Why Amazon is an Investor’s Dream

Some like to talk about their favourite sport teams. Others like to talk about their favourite era in history.

I like to romanticise great businesses.

And Amazon.com, Inc. [NASDAQ:AMZN] has definitely been one of those over the years.

Who would have thought Amazon, an online book store, would be what it is today.  Below is just a snap shot of some of the businesses Amazon owns.

Source: Visual Capitalist

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Were online books so profitable that they were able to fund the conglomerate that is now Amazon?

Not really.

But it was a platform on which Jeff Bezos built his vision. Making everything convenient and cheaper for customers.

This doesn’t lead to profits immediately. Early on, Amazon was losings millions of dollars. Profits have only just started to emerge. But the company still operates on an extremely thin margin.

The amount of sales that turn into profits is only about 1.7%.

And this is below what it was 10 years ago.

So why does the Everything Store trade on a 173 PE?

 

Why does Amazon’s stock trade 400-times earnings?

You don’t pay for what has happened; you pay for what could happen.

The Amazon model has worked wonders for sales growth and free cash flow. This is the amount of cash left over after all the expenses to maintain fixed assets.

Think of it like the left over money Amazon has to reinvest in new projects.

Source: Bloomberg

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In just the last few years, free cash flow has exploded. And it’s not expected to slow down either.

Why? Because Amazon has a vision. Wherever they can make things easier for customers, they’re probably going to do it.

And so far, they’ve been able to roll out this model over multiple industries. Why would the next few years be any different?

However, don’t take this as a plea to buy Amazon stock. Even with free cash flow of US$26.3 billion, the stock is trading at 35-times 2020 figures.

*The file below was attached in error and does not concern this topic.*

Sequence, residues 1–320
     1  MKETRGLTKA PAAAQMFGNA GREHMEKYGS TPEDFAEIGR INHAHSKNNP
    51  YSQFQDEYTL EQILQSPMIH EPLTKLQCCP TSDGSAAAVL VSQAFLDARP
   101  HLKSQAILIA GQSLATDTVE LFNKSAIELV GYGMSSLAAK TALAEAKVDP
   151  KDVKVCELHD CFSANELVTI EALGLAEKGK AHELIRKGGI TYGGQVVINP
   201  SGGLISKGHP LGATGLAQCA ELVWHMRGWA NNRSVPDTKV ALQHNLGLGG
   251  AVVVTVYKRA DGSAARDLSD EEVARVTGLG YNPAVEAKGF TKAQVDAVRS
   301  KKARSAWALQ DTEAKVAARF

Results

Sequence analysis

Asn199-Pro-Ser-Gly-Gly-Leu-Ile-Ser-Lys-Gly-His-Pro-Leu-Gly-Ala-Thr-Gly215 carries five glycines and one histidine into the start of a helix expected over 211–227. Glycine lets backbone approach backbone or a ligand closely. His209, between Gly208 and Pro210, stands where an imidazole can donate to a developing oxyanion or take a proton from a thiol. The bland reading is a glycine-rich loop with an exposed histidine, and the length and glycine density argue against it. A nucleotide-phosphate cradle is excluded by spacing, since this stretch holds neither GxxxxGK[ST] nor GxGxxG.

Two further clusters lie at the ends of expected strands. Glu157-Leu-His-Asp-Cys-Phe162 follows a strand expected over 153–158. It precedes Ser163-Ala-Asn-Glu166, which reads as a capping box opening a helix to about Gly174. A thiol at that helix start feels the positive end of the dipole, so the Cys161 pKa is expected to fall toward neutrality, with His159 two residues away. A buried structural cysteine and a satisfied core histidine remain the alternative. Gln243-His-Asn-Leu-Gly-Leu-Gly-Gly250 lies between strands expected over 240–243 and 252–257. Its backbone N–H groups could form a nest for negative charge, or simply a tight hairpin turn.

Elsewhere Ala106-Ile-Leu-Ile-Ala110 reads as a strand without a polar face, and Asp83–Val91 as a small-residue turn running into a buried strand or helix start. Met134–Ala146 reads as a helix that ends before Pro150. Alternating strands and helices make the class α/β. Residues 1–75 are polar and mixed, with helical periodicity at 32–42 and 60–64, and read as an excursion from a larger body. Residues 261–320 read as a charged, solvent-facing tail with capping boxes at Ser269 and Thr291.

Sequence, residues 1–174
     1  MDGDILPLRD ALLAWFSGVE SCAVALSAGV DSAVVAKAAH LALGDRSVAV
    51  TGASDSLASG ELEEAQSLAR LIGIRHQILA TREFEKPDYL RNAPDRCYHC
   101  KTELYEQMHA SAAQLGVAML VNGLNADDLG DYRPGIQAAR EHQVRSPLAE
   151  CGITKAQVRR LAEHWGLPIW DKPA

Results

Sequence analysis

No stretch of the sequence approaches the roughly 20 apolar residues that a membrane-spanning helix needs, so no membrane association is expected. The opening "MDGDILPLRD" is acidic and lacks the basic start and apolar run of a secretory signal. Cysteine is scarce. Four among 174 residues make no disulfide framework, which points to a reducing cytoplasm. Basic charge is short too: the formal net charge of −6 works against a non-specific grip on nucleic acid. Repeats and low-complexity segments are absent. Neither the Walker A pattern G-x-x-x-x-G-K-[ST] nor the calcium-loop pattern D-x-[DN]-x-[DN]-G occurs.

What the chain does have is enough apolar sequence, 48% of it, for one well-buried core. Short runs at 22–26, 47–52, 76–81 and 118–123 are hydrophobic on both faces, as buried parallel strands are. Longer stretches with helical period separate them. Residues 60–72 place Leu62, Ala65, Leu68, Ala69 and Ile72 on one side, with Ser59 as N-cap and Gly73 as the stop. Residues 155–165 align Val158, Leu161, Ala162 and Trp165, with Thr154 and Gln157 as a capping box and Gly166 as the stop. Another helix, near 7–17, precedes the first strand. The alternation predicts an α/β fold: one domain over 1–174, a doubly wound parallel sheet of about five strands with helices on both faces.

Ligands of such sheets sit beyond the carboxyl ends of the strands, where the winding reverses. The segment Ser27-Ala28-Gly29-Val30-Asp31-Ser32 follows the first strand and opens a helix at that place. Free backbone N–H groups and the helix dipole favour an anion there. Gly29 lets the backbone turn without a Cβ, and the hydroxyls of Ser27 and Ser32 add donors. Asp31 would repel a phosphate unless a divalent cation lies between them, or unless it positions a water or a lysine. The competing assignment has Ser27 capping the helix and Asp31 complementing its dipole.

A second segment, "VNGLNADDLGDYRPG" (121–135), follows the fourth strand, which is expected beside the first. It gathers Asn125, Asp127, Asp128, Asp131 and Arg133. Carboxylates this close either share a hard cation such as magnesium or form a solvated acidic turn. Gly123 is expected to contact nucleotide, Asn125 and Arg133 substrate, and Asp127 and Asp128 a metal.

Instead I want to show you how a few tech companies are following in Amazon’s footsteps. No, they’re not going to compete with Amazon head to head, although they may one day.

Like Amazon, these tech companies trade on lofty multiples, not because of current earnings, but because investors believe in their vision.

 

Tech companies infinite potential…

Political tensions have done nothing. Data breaches, currency devaluations…nothing is stopping this bull run.

The top 500 Aussie companies are up (collectively) more than 3% this year. The top 500 US companies have climbed more than 6%.

OK, so it’s nothing that will blow your socks off.  But you would think at some point this bull market has to come to an end.

For almost 10 years we’ve not seen any short sharp falls, which litter bargains all over the place. In fact, it would seem the expensive stocks (based on PE multiples) are just getting even more expensive.

Two that come to mind are printed circuit board design company, Altium Ltd [ASX:ALU] and software logistics company, WiseTech Global Ltd [ASX:WTC].

Wednesday this week, both tech stocks release their full year results to the market.

For Altium, sales were up 26%, with profits climbing 32%. WiseTech saw sales rise 44% and net profit increase by 28%.

Safe to say this is amazing growth.

But are they really worth a 33% and 35% rise in the stock price? Remember these are billion dollar companies.

I’ll let you decide that for yourself. But thanks to fast double digit appreciation, Altium and WiseTech now trade on PE’s of 83 and 176.

Now, for most investors a PE of 30 is a bit much, let alone more than 100-times.

But like Amazon, these high multiples reflect what could happen and not what has happened. Both companies have a vision for the future. And judging by the price, investors have bought into both.

Let’s focus on WiseTech for a moment. Reported by The Australian Financial Review:

The chief executive and co-founder of the logistics software company said he was aiming to create an international “container chain” that links connecting manufacturers, freight companies, customs, warehouses, trucking operators and last mile transporters.

What does this mean?

WiseTech is not just a logistics software company. From what I can tell, they want to be a part of the whole process: from building something to getting it out to customers.

So…like Amazon, investors are betting on the potential of what WiseTech could be and what they could create.

Whether these investments pay off remains to be seen. But it will be interesting to watch these tech companies evolve into so much more.

Your friend,

Harje Ronngard


Harje Ronngard is one of the editors at Money Morning New Zealand. With an academic background in finance and investments, Harje knows how difficult investing is. He has worked with a range of assets classes, from futures to equities. But he’s found his niche in equity valuation. There are two questions Harje likes to ask of any investment. What is it worth? And how much does it cost? These two questions alone open up a world of investment opportunities which Harje shares with Money Morning New Zealand readers.


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